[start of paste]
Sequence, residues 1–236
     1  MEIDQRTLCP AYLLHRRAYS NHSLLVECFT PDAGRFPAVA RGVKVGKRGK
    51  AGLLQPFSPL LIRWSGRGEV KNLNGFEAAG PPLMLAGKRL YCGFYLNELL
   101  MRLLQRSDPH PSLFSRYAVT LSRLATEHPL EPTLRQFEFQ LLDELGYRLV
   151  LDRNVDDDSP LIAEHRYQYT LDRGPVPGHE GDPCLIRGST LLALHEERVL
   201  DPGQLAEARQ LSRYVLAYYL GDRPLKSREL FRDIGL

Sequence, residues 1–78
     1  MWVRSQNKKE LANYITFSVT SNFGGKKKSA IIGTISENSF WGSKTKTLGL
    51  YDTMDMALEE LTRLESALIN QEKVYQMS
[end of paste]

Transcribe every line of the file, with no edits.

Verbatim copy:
Sequence, residues 1–236
     1  MEIDQRTLCP AYLLHRRAYS NHSLLVECFT PDAGRFPAVA RGVKVGKRGK
    51  AGLLQPFSPL LIRWSGRGEV KNLNGFEAAG PPLMLAGKRL YCGFYLNELL
   101  MRLLQRSDPH PSLFSRYAVT LSRLATEHPL EPTLRQFEFQ LLDELGYRLV
   151  LDRNVDDDSP LIAEHRYQYT LDRGPVPGHE GDPCLIRGST LLALHEERVL
   201  DPGQLAEARQ LSRYVLAYYL GDRPLKSREL FRDIGL

Sequence, residues 1–78
     1  MWVRSQNKKE LANYITFSVT SNFGGKKKSA IIGTISENSF WGSKTKTLGL
    51  YDTMDMALEE LTRLESALIN QEKVYQMS